Louise Nevelson Sculpture in Houston: Frozen Laces – One
This abstract black painted Cor-ten steel sculpture by Louise Nevelson is a standout! It provides quite an artistic statement situated among the sleek modern buildings surrounding this public art installation in downtown Houston, Texas.
The sculpture is titled FROZEN LACES – ONE and was created between the years 1979 to 1980. Louise Nevelson was known for her monochromatic puzzle-like sculptures, and this is certainly a good example.
FROZEN LACES – ONE is at 1400 Smith Street, Houston, Texas 77002 near the pretty Bob and Vivian Smith Fountain.
Background of Louise Nevelson
1899 was the year of this artist's birth, and she worked well into her 80s. Her fame as a female sculptor took off in the 1950s.
Born with the name of Leah Barliawsky in Kyiv, Ukraine, to a Jewish family, her father moved the family to the United States to avoid Russian persecution. Those were turbulent days in her life. By 1905 her family had moved to Maine.
Upon graduating from high school, Leah married Charles Nevelson and changed her first name to Louise. She bore their son in 1922. Motherhood, and marriage, for that matter, did not suit her. She left her husband after eleven years.
By 1932 Louise had moved to Germany to study cubism but returned to the United States because the Nazis had closed down the school. In New York, she studied all types of art, including painting, printing, and sculpting. Expressionism was her chosen style.
After her work was shown at the Museum of Modern Art in the 1950s, her fortunes increased. Collectors and other museums now wished to have her creations. She was becoming well-known and more and more people appreciated her art. She could rely upon a steady income from sales of her art.
Louise Nevelson was able to live quite a glamorous lifestyle and did so for some time. She wore distinctive hairstyles, heavy makeup, and expensive gowns. In later years, she chose to live very simply without the need for an accumulation of possessions.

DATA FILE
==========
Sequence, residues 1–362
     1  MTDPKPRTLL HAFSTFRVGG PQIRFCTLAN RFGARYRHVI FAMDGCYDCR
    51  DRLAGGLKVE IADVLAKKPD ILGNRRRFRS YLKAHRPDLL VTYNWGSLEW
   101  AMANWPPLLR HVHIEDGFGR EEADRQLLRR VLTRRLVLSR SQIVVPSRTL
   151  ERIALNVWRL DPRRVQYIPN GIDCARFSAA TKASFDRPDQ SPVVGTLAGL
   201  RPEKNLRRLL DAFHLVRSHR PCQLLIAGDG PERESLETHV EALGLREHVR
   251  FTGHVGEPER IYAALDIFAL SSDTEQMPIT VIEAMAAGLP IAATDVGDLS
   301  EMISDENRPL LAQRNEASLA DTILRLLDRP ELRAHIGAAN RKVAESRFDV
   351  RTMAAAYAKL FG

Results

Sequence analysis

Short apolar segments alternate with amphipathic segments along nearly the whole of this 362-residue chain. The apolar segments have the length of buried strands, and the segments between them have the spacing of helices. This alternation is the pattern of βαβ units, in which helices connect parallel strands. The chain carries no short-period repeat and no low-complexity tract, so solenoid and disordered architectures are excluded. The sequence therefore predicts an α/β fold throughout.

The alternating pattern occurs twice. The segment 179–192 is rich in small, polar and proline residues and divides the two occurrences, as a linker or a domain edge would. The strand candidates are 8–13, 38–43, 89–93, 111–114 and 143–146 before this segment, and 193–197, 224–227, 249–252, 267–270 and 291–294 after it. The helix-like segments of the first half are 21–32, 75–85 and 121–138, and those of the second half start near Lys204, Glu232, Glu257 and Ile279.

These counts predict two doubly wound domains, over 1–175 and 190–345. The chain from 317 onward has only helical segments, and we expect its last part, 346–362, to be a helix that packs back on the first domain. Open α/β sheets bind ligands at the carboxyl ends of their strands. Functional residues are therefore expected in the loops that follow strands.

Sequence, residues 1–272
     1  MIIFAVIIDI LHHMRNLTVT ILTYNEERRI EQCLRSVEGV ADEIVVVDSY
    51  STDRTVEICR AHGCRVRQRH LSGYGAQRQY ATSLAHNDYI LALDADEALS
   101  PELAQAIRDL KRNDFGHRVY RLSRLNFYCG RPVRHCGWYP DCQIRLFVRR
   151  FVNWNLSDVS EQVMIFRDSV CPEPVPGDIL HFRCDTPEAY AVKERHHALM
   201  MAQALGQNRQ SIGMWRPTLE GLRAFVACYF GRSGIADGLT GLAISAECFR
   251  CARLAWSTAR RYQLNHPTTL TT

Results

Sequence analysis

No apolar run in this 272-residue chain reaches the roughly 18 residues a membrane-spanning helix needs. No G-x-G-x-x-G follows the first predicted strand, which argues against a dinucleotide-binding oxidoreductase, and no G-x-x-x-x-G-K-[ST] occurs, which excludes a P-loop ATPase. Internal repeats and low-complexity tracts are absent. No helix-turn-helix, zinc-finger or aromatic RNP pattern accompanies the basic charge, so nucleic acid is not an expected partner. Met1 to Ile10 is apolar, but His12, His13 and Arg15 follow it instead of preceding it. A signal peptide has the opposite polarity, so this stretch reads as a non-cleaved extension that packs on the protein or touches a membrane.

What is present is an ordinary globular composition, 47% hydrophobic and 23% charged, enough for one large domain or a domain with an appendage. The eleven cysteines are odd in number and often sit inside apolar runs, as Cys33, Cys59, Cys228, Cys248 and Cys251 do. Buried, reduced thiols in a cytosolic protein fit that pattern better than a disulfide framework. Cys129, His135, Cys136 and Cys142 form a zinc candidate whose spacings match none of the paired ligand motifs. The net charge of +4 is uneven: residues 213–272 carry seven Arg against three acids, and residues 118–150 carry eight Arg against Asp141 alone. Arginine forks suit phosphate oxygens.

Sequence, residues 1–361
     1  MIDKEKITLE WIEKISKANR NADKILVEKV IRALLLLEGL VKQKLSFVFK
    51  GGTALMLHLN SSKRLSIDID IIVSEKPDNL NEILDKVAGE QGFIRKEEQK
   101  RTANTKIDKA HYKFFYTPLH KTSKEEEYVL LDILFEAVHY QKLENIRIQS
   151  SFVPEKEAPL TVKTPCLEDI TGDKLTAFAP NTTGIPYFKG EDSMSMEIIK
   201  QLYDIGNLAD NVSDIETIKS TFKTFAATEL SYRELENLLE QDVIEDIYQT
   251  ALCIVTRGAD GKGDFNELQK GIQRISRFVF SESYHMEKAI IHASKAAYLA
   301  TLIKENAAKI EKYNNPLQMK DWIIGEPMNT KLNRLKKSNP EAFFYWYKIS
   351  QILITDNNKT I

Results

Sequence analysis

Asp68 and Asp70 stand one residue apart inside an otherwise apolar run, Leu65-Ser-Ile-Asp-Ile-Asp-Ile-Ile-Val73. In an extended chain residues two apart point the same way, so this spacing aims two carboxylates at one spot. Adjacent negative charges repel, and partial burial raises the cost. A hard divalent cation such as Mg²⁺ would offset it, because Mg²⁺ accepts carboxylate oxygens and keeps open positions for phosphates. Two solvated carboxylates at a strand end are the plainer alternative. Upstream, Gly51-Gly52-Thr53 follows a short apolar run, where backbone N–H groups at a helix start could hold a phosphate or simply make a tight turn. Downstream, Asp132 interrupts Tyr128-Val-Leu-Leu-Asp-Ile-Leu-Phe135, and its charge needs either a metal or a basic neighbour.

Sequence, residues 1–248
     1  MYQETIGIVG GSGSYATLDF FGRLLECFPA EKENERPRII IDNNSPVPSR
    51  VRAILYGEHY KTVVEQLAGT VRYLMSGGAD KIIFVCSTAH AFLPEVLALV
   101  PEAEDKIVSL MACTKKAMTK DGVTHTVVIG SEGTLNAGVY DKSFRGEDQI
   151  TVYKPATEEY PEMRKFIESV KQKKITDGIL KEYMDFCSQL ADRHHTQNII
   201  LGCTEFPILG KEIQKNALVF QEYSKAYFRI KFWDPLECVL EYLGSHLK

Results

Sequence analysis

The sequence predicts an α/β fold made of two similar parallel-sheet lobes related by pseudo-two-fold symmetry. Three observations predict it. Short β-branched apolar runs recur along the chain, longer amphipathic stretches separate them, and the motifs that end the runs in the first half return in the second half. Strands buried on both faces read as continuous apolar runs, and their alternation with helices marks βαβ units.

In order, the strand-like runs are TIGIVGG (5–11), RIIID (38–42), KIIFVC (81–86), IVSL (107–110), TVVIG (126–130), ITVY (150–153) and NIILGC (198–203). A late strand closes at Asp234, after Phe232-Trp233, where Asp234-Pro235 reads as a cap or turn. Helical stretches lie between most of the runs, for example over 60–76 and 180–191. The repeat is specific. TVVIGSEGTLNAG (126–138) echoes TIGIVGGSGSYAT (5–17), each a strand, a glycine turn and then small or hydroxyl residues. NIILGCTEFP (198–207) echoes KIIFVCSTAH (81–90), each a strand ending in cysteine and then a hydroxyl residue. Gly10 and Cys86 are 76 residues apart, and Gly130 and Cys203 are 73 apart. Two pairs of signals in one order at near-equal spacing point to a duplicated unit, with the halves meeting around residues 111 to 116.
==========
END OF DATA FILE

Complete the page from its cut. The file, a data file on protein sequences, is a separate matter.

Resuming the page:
In the video below is a synopsis of the life of Louise Nevelson.
Women at that time were supposed to look pretty and throw little handkerchiefs around... well, I couldn't play that role.— Louise Nevelson
Nevelson's Chosen Art Mediums and Color
The majority of her first works of art came from found objects. Boxes, various pieces of wood, and even discarded toilet seats might make it into her cubist designs.
Black is the color that Louise Nevelson chose to utilize for most of her sculptures. She let the design of the piece speak for itself. The objects in her sculptures became unified without the distraction of pigments.
I fell in love with black; it contained all color. It wasn't a negation of color... Black is the most aristocratic color of all... You can be quiet, and it contains the whole thing.— Louise Nevelson
Medium of Steel
As Louise Nevelson became successful, she could afford to pay for higher-priced mediums like steel. At that point, she worked side by side with men in a foundry. She wanted to oversee her designs welded into shape.
Most sculptors back in those days were men, so she served as a groundbreaker in that role.
In my studio I'm as happy as a cow in her stall. That's the only place where everything is all right.— Louise Nevelson
Below is one giant art sculpture of Louise Nevelson's titled "Mrs. N's Palace."
When looking at this piece of sculptural art, you can see that every angle of her sculpture looks different, and of course, the Houston downtown city background varys as well.
We are fortunate to have so many public art sculptures in Houston, Texas. This one by Louise Nevelson is just one of many ones gracing our downtown streets.
Different Views of Frozen Laces - One Sculpture From All AnglesClick thumbnail to view full-size
If you wish to see more art pieces by this artist, including an installation into a gallery, be sure to watch the video below.
What do you think of this Frozen Laces - One sculpture by Louise Nevelson?
This content is accurate and true to the best of the author’s knowledge and is not meant to substitute for formal and individualized advice from a qualified professional.
© 2020 Peggy Woods